City Paper is not for tourists
The first collaboration between two of Washington’s leading educational institutions, The Battle of the Alamo allies George Washington University with the Discovery Channel. The 54-minute documentary, which can be seen on the cable channel Sunday at 2 p.m., is the first film GWU’s Center for History in the Media has produced in association with Discovery.
The Center offers a six-month certificate program in historical documentary filmmaking, but its students will not be making films for the Discovery Channel or other prominent outlets while enrolled in the program. The Alamo “is not at all a student project,” says the Center’s Nina Gilden Seavey, the documentary’s producer and co-director (with Paul Wagner). The veteran filmmaker says that she does, however, sometimes hire students to work on her films after she’s seen their student efforts.
The Alamo is a slightly melodramatic film that stops just short of dramatization: Actors are used to portray some of the historical figures, but they don’t actually speak any lines, and their movements are electronically blurred so that they look more animated than reanimated. The documentary tells the story of the 13-day 1836 siege of the Texas stronghold, which finally fell to the Mexican attackers in a brief but bloody struggle. Of those inside the fort, only the 14 women and children were spared, and the massacre became a rallying point for “Texian” rebels, who soon won independence from Mexico.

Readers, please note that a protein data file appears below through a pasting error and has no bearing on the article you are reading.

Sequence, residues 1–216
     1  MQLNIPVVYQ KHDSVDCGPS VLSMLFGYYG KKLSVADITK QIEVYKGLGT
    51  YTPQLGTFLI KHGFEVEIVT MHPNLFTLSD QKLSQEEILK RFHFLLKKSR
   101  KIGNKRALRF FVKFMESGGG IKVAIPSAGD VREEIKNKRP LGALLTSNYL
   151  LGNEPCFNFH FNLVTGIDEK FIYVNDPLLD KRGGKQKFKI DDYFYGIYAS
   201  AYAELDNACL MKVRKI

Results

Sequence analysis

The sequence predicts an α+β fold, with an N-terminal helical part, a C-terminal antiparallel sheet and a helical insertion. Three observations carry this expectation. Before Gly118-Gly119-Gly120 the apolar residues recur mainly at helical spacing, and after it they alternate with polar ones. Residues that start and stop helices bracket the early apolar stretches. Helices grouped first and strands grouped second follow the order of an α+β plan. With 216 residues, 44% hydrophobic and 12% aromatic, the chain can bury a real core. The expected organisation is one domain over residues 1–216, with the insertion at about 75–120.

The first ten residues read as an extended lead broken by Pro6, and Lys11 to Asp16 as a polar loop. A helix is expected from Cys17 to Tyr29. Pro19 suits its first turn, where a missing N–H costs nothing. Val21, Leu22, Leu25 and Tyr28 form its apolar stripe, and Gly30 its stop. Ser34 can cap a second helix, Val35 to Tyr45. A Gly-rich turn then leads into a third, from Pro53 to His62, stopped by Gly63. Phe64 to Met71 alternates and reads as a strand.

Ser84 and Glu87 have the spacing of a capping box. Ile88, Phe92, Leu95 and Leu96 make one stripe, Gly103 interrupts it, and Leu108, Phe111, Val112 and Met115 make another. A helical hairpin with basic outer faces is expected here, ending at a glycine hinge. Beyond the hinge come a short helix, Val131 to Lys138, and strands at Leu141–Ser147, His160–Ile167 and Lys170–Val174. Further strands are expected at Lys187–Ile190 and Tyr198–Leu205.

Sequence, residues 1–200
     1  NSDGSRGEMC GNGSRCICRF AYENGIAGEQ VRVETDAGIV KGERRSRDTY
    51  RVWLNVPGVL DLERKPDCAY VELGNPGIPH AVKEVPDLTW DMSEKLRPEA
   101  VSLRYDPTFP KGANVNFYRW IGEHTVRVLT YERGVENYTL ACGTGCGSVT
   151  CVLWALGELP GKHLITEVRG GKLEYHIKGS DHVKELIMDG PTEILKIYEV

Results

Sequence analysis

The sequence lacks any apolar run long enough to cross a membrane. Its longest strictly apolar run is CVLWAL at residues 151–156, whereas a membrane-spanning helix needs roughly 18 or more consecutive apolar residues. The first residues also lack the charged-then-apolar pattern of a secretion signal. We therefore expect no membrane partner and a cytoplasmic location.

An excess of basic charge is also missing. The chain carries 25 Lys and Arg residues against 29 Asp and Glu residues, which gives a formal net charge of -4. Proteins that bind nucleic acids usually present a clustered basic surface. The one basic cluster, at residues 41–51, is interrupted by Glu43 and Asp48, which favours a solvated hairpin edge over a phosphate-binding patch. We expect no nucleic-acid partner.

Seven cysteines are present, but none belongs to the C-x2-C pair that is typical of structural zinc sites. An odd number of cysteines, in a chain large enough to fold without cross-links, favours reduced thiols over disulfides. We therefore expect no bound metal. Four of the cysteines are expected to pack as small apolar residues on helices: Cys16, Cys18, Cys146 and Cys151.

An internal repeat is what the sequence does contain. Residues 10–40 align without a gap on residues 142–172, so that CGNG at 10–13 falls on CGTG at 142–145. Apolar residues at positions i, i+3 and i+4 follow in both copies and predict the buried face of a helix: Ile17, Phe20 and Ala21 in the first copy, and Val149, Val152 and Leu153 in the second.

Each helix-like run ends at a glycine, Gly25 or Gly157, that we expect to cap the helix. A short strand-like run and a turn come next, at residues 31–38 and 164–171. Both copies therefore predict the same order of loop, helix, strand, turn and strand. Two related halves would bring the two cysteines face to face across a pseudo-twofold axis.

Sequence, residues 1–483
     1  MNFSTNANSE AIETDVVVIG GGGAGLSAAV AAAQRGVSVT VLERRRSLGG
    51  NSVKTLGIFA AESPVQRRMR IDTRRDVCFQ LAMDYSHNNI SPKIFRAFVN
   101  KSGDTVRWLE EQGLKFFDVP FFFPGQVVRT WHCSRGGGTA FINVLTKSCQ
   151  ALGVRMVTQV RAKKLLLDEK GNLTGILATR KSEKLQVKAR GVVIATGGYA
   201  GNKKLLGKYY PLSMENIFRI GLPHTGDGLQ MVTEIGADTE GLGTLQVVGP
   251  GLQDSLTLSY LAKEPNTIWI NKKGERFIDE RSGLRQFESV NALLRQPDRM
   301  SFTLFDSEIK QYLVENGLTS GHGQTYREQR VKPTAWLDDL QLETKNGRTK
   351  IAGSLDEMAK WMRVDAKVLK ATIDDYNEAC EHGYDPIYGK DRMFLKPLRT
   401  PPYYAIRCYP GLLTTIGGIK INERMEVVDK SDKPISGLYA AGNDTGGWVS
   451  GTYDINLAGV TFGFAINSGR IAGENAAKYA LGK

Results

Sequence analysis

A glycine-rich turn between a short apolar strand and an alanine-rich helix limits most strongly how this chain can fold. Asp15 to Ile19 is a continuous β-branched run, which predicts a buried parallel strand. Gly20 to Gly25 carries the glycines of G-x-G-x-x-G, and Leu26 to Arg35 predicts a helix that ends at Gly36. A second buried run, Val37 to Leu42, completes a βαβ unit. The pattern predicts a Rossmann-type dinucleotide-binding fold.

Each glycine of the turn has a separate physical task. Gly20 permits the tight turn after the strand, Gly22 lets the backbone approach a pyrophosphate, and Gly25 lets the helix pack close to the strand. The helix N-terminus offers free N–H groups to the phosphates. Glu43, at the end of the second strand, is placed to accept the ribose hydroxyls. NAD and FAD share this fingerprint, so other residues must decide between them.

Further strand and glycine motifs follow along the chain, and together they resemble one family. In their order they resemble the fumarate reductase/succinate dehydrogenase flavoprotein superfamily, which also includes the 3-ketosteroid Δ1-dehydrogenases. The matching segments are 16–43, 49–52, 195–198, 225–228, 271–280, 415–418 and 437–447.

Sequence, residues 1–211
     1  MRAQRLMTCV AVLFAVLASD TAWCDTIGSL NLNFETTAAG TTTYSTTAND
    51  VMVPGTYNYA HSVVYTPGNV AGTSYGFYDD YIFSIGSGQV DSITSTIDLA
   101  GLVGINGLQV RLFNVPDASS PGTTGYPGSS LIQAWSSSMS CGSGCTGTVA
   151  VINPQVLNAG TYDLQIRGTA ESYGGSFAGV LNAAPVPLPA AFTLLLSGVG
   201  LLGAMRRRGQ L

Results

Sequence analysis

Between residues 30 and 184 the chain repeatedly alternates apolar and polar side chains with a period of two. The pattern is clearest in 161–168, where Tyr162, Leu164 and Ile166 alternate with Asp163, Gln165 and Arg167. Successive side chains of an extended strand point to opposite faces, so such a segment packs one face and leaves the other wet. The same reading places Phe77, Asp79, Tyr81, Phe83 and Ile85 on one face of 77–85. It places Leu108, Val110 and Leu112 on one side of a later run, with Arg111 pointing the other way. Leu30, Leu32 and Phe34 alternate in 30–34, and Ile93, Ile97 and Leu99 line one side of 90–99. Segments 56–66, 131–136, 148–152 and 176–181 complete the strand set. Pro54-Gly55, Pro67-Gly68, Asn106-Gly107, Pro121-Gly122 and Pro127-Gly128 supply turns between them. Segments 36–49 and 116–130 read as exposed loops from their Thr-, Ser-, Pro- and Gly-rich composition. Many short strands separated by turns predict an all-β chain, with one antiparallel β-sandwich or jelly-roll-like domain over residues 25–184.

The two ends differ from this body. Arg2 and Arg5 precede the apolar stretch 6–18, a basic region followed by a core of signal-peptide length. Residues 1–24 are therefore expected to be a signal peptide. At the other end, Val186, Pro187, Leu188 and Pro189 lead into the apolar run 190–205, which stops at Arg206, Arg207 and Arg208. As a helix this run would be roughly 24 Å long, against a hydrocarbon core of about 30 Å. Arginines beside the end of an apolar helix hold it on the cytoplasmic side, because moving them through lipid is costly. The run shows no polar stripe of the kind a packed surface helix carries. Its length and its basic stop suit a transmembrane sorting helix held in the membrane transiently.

In addition to the particulars of the mythic conflict, the film sketches the lesser-known background to the struggle. It recounts how the Mexican government recruited U.S. citizens to populate the area, only to find itself with a province that was both culturally and politically estranged from the rest of Mexico. It also provides a few unflattering details about such heroes of the Alamo as Jim Bowie and William Travis: The former was a hard-drinking veteran of the slave trade, while the latter, inspired by the Romantic novels of Sir Walter Scott, abandoned his wife and child in moving to the Texas frontier.
The Center is already at work on its next project, A Paralyzing Fear: The Story of Polio in America, for which it has received a National Endowment for the Humanities grant. “We’ve been overwhelmed by the interest,” says Seavey. “Everyone has some sort of polio story. CP